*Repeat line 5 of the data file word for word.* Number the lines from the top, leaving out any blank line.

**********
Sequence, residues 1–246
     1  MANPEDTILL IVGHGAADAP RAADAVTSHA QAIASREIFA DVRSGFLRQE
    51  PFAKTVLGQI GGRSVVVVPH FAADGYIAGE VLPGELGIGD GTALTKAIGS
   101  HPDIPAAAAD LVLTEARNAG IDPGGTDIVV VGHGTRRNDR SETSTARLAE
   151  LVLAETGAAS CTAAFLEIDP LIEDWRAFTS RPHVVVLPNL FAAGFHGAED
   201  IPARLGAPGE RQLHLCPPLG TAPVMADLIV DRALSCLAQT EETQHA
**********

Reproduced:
   151  LVLAETGAAS CTAAFLEIDP LIEDWRAFTS RPHVVVLPNL FAAGFHGAED